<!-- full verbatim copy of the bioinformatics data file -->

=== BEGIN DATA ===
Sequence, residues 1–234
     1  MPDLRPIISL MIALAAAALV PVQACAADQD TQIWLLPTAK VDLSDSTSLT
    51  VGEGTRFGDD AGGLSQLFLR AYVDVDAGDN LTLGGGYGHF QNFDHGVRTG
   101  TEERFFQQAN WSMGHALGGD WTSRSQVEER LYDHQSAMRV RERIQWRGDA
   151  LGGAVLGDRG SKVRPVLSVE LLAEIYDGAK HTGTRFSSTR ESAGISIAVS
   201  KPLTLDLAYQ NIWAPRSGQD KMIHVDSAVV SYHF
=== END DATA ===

Sequence, residues 1–234
     1  MPDLRPIISL MIALAAAALV PVQACAADQD TQIWLLPTAK VDLSDSTSLT
    51  VGEGTRFGDD AGGLSQLFLR AYVDVDAGDN LTLGGGYGHF QNFDHGVRTG
   101  TEERFFQQAN WSMGHALGGD WTSRSQVEER LYDHQSAMRV RERIQWRGDA
   151  LGGAVLGDRG SKVRPVLSVE LLAEIYDGAK HTGTRFSSTR ESAGISIAVS
   201  KPLTLDLAYQ NIWAPRSGQD KMIHVDSAVV SYHF